Wine quality is intrinsically tied to the quality of fruit provided for processing (Jackson and Lombard, 1993). Quality parameters typically measured in wine grapes are concentration of soluble solids, which determines final sugar and alcohol levels in wine; TA, which influences perception of acidity to the taster; and wine pH which can influence aging potential (Jackson, 2008). Additional factors that can influence final fruit “quality” are color (anthocyanins), tannins and phenolics, and aromatic volatiles (Jackson and Lombard, 1993).
The rate of ripening in grape berries is controlled dominantly by the interaction of time and temperature during the growing season (Keller, 2010), so much so, that classification systems for site-appropriateness for different grape varieties tend to rely heavily on heat accumulation during the growing season (Amerine and Winkler, 1944; Jackson and Cherry, 1988; Yau et al., 2014). The accumulation of anthocyanins is also related to heat. Higher temperatures, independent of sun exposure during véraison result in reduced color accumulation (Spayd et al., 2002). Similar results are seen with TA. An increase in juice pH is also associated with an increase in heat exposure (Spayd et al., 2002).
The inland Pacific northwestern United States, particularly eastern Washington, is a fast-growing region for wine and wine grape production; it is second in the United States only to California (U.S. Department of Agriculture, 2013). The region is typified by the risk for cold damage during the dormant season (Ferguson et al., 2011), dry summers with average annual rainfall of 7.15 inches (AgWeatherNet, 2014), warm summers with average monthly high temperatures from June to August of 77.5 to 88.3 °F (AgWeatherNet, 2014; Yau et al., 2014), and average daylengths of 14 to 15.75 h between June and August. This semiarid climate provides sufficient heat units to adequately ripen the varieties being grown there. However, sugar accumulation during the ripening period may be delayed by large diurnal temperature changes of upwards of 30 °F (AgWeatherNet, 2014). This delay can sometimes make it challenging to meet contract soluble solid specifications, which are typically between 24% and 28% for red wine grape varieties, before the first killing frost of the fall. Since natural maximum sugar accumulation is ≈25% (Keller, 2010), higher soluble solids concentration is generally due to dehydration; thus, extended hang time, preferably during warm, dry conditions, is necessary.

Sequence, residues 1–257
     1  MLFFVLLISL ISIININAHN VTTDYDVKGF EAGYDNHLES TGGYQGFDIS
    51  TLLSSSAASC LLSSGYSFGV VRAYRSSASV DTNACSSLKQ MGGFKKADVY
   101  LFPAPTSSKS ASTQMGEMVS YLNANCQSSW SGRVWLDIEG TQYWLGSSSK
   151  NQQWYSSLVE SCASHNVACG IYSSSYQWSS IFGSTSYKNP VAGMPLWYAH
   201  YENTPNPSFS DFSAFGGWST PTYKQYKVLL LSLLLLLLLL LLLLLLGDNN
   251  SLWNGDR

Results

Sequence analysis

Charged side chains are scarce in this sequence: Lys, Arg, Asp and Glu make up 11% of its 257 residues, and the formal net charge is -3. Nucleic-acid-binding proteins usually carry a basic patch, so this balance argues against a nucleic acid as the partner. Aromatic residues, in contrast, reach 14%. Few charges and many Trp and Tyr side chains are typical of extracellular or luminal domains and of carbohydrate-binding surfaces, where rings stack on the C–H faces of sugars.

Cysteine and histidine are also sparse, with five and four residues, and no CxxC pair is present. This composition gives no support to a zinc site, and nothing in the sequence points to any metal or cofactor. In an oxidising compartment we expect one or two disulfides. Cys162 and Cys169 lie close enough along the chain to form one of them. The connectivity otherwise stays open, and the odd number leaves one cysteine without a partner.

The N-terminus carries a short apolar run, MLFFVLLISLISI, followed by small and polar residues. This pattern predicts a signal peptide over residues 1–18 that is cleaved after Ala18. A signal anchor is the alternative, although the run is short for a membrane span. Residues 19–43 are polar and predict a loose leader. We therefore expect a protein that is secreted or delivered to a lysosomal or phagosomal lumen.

A machine patented in 2003, which applies heated air to plants, is currently being marketed to wine grape growers with the intention of improving fruit set, wine quality, and controlling diseases and pests (Agrothermal Systems, 2013). The relevant questions to pose are whether increasing the fruit’s exposure to short periods of heat during the growing season and through véraison could 1) override these potential limiters on ripening, 2) advance vine phenology and potential harvest date, 3) increase the potential soluble solids in fruit, or 4) enhance the fruit set and increase yield.
This field trial was designed to evaluate if this commercially marketed machine was able to increase fruit set, advance vine phenology, and improve final basic fruit quality metrics (soluble solids, pH, and TA) through the use of transient, applied heat in commercially grown red wine grape varieties in irrigated eastern Washington.
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